Details of Barrows on Pastscape
Two Bronze Age bell barrows known locally and in early archaeological publications as 'The Warrior Mounds' or 'The Warrior Barrows'. The barrow mounds both survive as upstanding stone and earth mounds measuring 23 metres in diameter and standing up to 2.5 metres high. The mounds were originally surrounded by gently sloping berms 5 metres wide which have been obscured by later ploughing. Beyond the bern edges lie quarry ditches from which material was obtained during the mounds' construction. These have become infilled over the years but are known from earlier excavation and aerial photographs to survive as buried features 3 metres wide. Excavations carried out in 1848 and 1935 in the vicinity of the barrows produced finds from several periods including Iron Age and Roman pottery fragments, the cremated bones of a woman and child, a male skeleton, and Early Bronze Age dagger and an important selection of early Neolithic and Bronze Age pottery. Scheduled.
[A - SU 5196 8326: B - SU 5201 8329] TUMULI [G.T.] (1) Two round barrows on Blewbury Down.
A. (Lat. 51 32' 43", Long. 1 15' 2" (3). Mound 12 ft. 6ins. high, inside ditch diameter 123 ft.
Opened by Dr. Wilson, Sept. 1848, the material of the mound contained fragments of 'British' pottery and one Roman fragment.
Cremated bones of a woman and child were found very near the centre, 8 ft. from the summit. Within a foot of them lay a flat bronze rivetted dagger identified as E.B.A. and now in the Ashmolean Museum. An unaccompanied male skeleton also lay near the centre, 4 ft. from the surface. Dr. Wilson regarded it as of Civil War date (2)(5).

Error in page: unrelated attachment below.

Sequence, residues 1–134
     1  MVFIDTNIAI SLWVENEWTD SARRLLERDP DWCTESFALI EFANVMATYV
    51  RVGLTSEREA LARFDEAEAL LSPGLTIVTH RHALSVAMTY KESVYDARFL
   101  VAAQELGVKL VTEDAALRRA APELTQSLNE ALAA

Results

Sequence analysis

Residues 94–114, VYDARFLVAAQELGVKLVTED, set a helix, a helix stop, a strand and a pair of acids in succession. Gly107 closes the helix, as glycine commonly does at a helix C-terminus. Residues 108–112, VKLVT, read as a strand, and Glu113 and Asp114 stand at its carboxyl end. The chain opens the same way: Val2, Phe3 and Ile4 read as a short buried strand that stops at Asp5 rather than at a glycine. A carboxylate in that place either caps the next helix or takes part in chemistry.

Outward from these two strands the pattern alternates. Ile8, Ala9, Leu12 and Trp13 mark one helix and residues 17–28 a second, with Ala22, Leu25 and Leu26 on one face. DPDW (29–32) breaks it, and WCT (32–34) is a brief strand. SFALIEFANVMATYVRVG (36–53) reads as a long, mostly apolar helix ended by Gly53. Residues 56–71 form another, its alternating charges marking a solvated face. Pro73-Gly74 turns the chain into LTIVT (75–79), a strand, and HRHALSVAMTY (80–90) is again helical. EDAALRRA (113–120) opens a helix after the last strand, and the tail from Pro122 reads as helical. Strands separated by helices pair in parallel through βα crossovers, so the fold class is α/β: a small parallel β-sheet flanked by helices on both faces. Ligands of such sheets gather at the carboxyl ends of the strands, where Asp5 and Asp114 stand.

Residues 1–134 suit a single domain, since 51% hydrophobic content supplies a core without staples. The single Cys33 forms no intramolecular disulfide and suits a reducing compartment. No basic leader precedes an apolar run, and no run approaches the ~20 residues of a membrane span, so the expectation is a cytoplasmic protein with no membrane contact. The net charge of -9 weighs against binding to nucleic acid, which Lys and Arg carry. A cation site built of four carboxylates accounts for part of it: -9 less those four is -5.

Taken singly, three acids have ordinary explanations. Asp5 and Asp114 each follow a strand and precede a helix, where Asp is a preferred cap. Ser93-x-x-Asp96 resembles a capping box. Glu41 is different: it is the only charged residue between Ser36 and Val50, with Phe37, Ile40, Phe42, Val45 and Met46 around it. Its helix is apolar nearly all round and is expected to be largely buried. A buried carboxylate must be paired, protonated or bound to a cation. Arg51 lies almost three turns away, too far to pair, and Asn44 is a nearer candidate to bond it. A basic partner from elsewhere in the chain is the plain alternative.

B. (Lat. 51 32' 44", Long. 1 15' 0") (3) Mound 12 ft. 6 in. high surrounded by a well marked inner ditch 108 ft. in diameter. Excavated c. 1848 by Lousley and King who found - 'remains of animals, an arrowhead and some trifles'. Many small British pottery vessels, apparently set in a circle, are said to have been discovered. (2)(5). The primary interment may not have been found (3). Both barrows were re-excavated in 1935 by Peake, Coghlan and Marshall.
A. Much wood ash in the mound and a few fragments of early pottery. Under the mound and just south of the centre, was an irregular shallow pit, divided into two sections. In both sections were animal bones, a large amount of E.I.A. pottery and nearly a dozen fragments of Windmill Hill pottery, the latter apparently having been washed into the pit. A large piece of oolitic stone, possibly Roman, was found 18 in. deep, c. 20 ft. from the centre, and 4 R.B. sherds came from just inside the northern berm at a depth of 12".
B. South of the mound, a pit containing E.I.A. pottery fragments, was intersected by the ditch. In the body of the mound were, a beaker fragment, 2 E.I.A. and 2 R.B. sherds. The filling of the ditch yielded one piece of Peterborough ware, 8 fragments of E.I.A. and 4 R.B. sherds.
Peake concludes from this evidence that the mounds cannot be earlier than Roman and are probably not later. He suggests that there may be a Neolithic causewayed camp in the vicinity and concludes that the bronze dagger found near the cremation burial was not associated with it, but was probably scraped up with the material of the mound, as was the pottery. Peake then says that the purpose of the mounds in uncertain, while R.F. Jessup (4) says there is not sufficient evidence to regard them as Roman. Piggot classifies the early pottery as a remarkably complete series ranging from Ne. 'A' to M.B.A. and concludes - "we may assume that they all derive from an adjacent settlement site which appears to have enjoyed continuous occupation over a considerable period of time." (2-6)
The two barrows are now much reduced in height; 'A' measures 6 ft. and 'B' 8 ft. Each is surrounded by a crop mark representing the ditch. Published survey (25") revised. The E.B.A. dagger found by Wilson is in the Ashmolean Museum, Acc, N.C.445, and at present is being restored. (7) Two round barrows 1/4 mile (400m) north of Lower Chance Farm, at SU 520 833, have been scheduled as an Ancient Monument (Oxon No.191) (8) The barrows are visible on aerial photographs. The external ditches appear as cropmarks. (10)
Posted by Chance
19th December 2012ce